Saul Alvarez impressed many last night against Jose Miguel Cotto. (Photo by Jed Jacobsohn / Getty Images)
Since we didn't get into the undercard from last night too much, let's do that now. It was, frankly, a very entertaining undercard. These were not fights that are going to get the attention of the casual fan, but honestly knowing what we know about how boxing PPVs are put together, all I really ask for is some fun action for a couple hours, and we got that.
Saul Alvarez TKO-9 Jose Miguel Cotto
I actually just talked about this fight tonight on the radio with Luke Thomas of BloodyElbow.com and MMA Nation, who was highly impressed with the 19-year-old Alvarez, and I've seen a lot of people around the web who didn't know much of Alvarez (or even who he was) come away really liking this young man. And they should, because I think Saul has the goods.
Alvarez (32-0-1, 24 KO) is not a blue chipper in a traditional sense, perhaps. This is not a Floyd Mayweather or a Sugar Ray Leonard. But he has a lot going for him. He's really young, for one thing, which will give him time to overcome the deficiencies he has. He's not a perfect-looking young fighter by any means. But he's a fighter. He was rocked bad by Jose Miguel Cotto (31-2-1, 23 KO) last night in the first round, but came back with a lot of fury and showed he can mix it up. Cotto may be small for a welterweight, but his hands have some sock in them.
After it settled down following the first two rounds, Alvarez mostly took the fight over, and eventually stopped him (arguably a bit early) with a big barrage in the ninth round. There's a ferocity to the way he fights, a real hunger evident in him. He wants to be one of the best. This isn't Julio Cesar Chavez Jr., this is a kid born to fight. I think Alvarez would fight anyone they told him to next, but of course Golden Boy will be smart and bring him along. But if they told him to fight Pacquiao, I think he would. He wouldn't do well, but he's got some sand.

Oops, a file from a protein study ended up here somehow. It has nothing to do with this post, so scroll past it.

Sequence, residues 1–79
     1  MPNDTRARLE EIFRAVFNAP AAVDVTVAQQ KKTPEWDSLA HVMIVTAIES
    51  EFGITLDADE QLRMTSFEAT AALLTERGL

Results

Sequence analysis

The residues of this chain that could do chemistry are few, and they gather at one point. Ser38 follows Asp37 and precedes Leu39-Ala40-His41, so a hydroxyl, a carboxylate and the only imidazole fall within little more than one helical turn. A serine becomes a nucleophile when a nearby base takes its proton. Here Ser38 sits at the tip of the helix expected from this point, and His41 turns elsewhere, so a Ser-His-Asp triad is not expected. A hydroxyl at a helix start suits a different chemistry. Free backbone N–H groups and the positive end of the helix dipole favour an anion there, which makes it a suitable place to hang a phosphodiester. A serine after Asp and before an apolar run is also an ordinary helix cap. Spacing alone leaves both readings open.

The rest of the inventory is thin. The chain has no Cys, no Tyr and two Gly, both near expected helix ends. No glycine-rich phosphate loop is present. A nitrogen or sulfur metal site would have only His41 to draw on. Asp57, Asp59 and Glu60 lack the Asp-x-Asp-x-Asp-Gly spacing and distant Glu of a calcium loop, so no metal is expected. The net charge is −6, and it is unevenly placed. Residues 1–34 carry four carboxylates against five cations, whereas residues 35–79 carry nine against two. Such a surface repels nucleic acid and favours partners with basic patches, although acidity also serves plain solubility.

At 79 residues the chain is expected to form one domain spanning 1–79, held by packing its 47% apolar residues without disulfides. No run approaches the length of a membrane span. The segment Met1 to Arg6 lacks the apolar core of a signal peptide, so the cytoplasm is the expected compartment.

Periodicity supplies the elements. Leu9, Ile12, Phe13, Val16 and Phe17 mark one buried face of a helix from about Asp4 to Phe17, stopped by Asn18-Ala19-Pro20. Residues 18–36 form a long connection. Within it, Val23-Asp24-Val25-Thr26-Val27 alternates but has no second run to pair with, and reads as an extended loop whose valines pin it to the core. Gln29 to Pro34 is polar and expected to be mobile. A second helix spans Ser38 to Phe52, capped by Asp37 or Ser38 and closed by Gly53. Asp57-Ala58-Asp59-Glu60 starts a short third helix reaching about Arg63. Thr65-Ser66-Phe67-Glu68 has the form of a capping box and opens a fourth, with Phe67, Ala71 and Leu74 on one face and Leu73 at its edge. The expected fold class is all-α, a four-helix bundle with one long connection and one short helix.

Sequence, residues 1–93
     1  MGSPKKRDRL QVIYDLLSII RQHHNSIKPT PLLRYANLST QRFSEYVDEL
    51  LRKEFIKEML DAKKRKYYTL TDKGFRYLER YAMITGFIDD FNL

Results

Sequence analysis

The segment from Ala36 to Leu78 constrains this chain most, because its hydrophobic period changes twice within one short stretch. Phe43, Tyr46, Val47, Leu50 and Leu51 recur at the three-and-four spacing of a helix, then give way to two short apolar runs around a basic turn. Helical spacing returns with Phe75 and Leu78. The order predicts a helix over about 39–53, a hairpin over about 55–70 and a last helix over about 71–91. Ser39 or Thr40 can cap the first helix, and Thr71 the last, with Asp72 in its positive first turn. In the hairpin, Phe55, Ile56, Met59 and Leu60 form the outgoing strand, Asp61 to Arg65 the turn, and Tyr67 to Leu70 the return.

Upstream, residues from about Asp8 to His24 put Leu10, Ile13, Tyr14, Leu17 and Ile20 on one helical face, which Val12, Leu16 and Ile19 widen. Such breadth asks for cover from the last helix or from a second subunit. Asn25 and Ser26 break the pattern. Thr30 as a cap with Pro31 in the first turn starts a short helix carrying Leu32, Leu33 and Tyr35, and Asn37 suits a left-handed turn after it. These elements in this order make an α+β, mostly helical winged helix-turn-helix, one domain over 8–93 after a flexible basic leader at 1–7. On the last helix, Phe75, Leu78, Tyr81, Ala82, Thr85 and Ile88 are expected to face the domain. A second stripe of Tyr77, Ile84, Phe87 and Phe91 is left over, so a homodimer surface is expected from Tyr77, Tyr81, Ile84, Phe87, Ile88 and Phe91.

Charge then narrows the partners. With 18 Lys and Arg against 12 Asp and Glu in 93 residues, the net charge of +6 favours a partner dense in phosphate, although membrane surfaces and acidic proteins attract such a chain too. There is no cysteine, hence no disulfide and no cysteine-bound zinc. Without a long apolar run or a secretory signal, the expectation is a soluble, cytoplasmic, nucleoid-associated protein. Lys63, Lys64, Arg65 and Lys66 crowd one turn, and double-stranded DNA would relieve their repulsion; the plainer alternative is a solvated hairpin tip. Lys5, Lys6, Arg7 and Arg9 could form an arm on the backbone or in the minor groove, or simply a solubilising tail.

Team Cotto sent out a press release announcing that Jose Miguel Cotto has signed a deal with Golden Boy Promotions after last night's fight and that Golden Boy has plans for him at 140 pounds. They may well just see him as a guy that Amir Khan, Nate Campbell or Victor Ortiz could fight, but that's hardly a bad position for JMC. Cotto can fight. He's been really inactive the last few years and was out of his weight class last night, but he showed some good stuff. He was happy with his performance, he said, and feels the weight was the biggest issue. At 32, it's time to get a move on. But the former Olympian has skills and might be a sleeper at 140.
Daniel Ponce de Leon UD-10 Cornelius Lock
BLH's Matt Miller remarked in one of last night's threads (they all blur together a bit for me right now) that Ponce de Leon looked good, but showed his ceiling. I couldn't have said it better. Ponce de Leon was impressive in that he boxed better than normal. But he was throwing with less intent than he used to, as well. His lefts seemed more like arm punches than they did in the past. To get better at something he stunk at (boxing), he may have sacrificed some of what made him a viable contender in the first place (raw power).
The win doesn't really elevate Ponce in my view. He's still a back-end top 10 guy at featherweight, which is one of the best divisions in the sport. He was already trounced by Juan Manuel Lopez at 122, and I can't see it changing at 126. He's also already lost to Caballero, and that wouldn't change either. Chris John may be a bit vulnerable (Rocky Juarez hurt him in both fights), but I think he'd cruise over Ponce. And then there's Yuriorkis Gamboa, who I believe would flatten Daniel in short order.
Ponce de Leon against Cristobal Cruz could be a lot of fun, though. And for Lock, this is just what it is. He's 34 years old and a gatekeeper. I think until he's a shot fighter, there's a chance that on any night he can do some damage. For that reason, it might be hard for him to get proper gatekeeper fights against rising young fighters.
Said Ouali TKO-1 Hector David Saldivia
Ouali went down, but wasn't hurt too bad. Then Saldivia really did hurt him. Then Ouali put Saldivia on his ass. Then Ouali finished him off. Two minutes of mayhem. I'll never argue with this as a PPV opener. Ouali is a welterweight fringe contender, but he gave Selcuk Aydin a decent run for his money and really knocked the crap out of Saldivia last night. The Argentinean fighters are experiencing a good run overall right now, but I wondered before the fight if Saldivia was Marcos Maidana or Walter Matthysse. We got our answer. Ouali probably guaranteed himself another Mayweather PPV slot, and the way he fights, I don't mind at all. Alvarez-Ouali might make sense by the end of the year, even.